Natural hazards events such as earthquakes or volcanic eruptions involve activation of coupled thermo-hydro-chemo-mechanical processes in rocks. Understanding these dynamic coupled processes is therefore of key importance in elucidating our comprehension of earthquakes and volcanic unrests and essential for the mitigation of seismic and volcanic hazard.
Rock physics experiments and numerical models can help us to understand and constrain the mechanisms of natural hazards from the micro to the macro scale. We invite novel contributions based on laboratory experiments, numerical modeling and field work (or a combination of these) relative to the understanding of:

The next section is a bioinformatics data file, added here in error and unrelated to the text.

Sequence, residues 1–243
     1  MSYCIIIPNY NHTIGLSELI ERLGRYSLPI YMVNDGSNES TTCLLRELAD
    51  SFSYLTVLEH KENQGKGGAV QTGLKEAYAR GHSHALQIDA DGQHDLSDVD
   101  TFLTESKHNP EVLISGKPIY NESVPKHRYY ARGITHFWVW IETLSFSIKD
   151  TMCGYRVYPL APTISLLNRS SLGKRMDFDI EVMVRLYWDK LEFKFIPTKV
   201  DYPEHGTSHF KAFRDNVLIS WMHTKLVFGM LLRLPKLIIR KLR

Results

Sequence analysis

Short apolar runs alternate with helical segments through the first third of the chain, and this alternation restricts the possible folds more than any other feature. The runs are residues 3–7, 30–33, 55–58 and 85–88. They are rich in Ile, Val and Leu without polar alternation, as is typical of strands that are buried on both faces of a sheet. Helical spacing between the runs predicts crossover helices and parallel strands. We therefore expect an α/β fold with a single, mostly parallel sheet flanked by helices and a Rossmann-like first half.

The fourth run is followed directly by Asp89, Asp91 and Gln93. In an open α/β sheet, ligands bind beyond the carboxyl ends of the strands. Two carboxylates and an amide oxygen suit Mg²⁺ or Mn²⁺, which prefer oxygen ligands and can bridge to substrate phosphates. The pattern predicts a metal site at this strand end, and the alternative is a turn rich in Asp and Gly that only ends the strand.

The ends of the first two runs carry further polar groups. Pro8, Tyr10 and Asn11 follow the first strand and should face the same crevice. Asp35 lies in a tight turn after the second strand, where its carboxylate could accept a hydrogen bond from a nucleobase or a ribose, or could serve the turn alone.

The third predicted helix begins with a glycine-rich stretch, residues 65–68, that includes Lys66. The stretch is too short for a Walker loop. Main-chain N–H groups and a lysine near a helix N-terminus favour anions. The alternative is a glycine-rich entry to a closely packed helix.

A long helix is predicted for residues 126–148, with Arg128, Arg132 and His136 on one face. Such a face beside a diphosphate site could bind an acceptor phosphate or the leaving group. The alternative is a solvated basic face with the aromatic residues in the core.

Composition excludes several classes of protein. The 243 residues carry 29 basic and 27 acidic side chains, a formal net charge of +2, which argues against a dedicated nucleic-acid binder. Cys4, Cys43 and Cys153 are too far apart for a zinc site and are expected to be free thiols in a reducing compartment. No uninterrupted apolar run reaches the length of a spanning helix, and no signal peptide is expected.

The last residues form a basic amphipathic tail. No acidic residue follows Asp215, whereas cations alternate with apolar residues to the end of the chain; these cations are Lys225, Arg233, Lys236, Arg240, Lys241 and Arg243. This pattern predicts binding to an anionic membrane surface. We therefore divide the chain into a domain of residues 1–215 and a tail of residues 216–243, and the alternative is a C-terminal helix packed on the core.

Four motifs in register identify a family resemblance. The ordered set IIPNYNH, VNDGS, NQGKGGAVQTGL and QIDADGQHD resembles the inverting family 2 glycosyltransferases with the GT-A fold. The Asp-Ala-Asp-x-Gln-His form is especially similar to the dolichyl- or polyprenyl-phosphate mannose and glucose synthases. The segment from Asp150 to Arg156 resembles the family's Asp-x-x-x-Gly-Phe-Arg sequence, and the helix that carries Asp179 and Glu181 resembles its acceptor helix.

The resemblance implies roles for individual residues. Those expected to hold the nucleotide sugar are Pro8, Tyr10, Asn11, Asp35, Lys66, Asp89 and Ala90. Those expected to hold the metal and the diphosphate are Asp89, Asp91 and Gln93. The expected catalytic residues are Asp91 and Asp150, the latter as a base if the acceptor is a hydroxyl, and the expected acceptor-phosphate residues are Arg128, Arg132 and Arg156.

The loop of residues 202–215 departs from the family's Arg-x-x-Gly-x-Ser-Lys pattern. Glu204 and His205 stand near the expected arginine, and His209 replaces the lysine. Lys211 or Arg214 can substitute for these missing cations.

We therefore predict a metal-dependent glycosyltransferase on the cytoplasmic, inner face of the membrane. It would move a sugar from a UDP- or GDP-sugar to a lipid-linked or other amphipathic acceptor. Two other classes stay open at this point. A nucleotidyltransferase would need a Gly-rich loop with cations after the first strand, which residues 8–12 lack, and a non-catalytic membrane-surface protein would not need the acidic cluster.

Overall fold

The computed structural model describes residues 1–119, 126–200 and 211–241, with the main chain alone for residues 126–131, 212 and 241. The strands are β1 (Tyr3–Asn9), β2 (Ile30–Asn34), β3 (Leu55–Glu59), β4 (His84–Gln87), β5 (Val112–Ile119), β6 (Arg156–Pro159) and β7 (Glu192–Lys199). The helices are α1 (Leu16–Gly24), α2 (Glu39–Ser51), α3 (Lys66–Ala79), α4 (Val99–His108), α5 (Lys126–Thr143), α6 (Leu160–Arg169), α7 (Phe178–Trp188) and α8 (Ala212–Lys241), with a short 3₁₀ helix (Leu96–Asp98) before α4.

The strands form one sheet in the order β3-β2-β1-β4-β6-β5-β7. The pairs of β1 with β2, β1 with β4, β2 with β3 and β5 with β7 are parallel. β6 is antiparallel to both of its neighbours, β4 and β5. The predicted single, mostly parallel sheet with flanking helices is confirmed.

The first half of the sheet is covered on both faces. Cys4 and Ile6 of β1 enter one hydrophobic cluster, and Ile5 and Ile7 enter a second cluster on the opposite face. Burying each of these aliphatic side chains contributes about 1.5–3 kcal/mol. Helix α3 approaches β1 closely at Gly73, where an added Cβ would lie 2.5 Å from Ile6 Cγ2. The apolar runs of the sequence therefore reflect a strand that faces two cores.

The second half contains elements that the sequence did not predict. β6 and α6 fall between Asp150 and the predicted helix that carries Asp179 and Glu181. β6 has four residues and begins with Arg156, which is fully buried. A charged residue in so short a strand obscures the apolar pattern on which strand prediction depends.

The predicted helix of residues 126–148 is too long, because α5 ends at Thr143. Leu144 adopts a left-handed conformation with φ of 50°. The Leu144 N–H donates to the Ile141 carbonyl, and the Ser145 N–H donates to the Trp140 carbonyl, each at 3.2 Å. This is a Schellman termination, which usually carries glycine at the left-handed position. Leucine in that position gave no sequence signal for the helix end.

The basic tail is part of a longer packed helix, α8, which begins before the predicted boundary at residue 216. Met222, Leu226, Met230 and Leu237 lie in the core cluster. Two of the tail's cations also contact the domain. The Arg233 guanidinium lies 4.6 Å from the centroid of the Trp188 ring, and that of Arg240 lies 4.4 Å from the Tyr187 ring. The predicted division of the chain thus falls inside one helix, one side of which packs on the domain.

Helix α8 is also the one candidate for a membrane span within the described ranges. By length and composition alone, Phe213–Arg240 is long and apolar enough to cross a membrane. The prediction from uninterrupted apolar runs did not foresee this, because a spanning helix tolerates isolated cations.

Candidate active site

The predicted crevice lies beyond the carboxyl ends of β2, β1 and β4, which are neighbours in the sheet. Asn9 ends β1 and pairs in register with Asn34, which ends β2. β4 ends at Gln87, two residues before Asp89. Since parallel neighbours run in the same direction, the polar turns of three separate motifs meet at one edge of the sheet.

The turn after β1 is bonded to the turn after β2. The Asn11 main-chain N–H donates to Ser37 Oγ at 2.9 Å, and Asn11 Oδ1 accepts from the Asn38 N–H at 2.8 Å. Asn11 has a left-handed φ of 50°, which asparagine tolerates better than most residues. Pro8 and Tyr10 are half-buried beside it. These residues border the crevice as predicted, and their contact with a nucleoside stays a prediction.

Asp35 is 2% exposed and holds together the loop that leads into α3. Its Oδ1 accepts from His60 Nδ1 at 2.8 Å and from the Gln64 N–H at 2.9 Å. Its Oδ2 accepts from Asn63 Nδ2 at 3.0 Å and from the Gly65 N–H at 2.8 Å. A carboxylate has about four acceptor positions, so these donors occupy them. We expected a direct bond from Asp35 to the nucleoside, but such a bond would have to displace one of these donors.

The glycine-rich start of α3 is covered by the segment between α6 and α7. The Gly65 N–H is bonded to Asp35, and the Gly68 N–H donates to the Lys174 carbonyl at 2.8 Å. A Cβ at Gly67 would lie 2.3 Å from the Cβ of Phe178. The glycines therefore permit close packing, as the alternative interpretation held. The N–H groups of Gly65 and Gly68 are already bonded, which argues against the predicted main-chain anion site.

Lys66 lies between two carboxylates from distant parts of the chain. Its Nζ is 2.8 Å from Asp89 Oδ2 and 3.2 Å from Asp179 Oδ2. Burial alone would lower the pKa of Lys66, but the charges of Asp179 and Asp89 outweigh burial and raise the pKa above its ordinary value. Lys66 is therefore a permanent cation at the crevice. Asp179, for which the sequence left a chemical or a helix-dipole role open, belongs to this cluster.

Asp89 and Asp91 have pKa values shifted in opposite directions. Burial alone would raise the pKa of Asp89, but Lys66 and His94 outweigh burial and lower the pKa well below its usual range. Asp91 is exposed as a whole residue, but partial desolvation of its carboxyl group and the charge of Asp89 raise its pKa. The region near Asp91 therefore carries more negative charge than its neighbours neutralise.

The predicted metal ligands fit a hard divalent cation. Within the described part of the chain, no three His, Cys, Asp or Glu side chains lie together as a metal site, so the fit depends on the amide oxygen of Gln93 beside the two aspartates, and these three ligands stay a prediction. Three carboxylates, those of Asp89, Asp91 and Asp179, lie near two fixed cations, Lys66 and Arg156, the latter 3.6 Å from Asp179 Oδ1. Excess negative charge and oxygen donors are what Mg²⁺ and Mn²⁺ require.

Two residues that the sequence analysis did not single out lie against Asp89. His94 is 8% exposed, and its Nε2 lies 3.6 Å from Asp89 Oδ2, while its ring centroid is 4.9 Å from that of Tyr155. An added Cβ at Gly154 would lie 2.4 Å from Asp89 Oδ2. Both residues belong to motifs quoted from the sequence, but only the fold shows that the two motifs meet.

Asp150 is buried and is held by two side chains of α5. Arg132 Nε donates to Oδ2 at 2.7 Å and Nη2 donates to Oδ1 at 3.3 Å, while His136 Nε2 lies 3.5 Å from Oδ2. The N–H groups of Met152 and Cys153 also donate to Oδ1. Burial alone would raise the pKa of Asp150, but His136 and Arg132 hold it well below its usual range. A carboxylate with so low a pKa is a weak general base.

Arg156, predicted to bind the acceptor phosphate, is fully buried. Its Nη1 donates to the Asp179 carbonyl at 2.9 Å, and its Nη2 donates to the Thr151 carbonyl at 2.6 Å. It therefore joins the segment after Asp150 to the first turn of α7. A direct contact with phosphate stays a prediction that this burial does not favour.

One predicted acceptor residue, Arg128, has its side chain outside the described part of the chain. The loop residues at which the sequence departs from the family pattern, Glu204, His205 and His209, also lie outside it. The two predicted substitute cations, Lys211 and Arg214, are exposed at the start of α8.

1) Fault evolution in the interseismic period, including healing, and sealing processes,
2) Rupture processes: experiments and modeling from frictional sliding to viscous shear heating.
3) Rock deformation and coupled processes in rocks,
4) Fault structure and mechanics, from the field and laboratory to exploratory drilling of major faults,
5) Fracture and flow in volcanic and geothermal areas and the physical properties of volcanic rocks